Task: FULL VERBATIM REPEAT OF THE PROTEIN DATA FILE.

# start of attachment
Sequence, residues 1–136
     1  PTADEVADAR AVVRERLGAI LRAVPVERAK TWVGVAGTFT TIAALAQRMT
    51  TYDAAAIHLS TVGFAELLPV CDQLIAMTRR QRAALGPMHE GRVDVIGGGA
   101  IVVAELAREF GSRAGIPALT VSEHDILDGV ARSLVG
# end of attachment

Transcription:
Sequence, residues 1–136
     1  PTADEVADAR AVVRERLGAI LRAVPVERAK TWVGVAGTFT TIAALAQRMT
    51  TYDAAAIHLS TVGFAELLPV CDQLIAMTRR QRAALGPMHE GRVDVIGGGA
   101  IVVAELAREF GSRAGIPALT VSEHDILDGV ARSLVG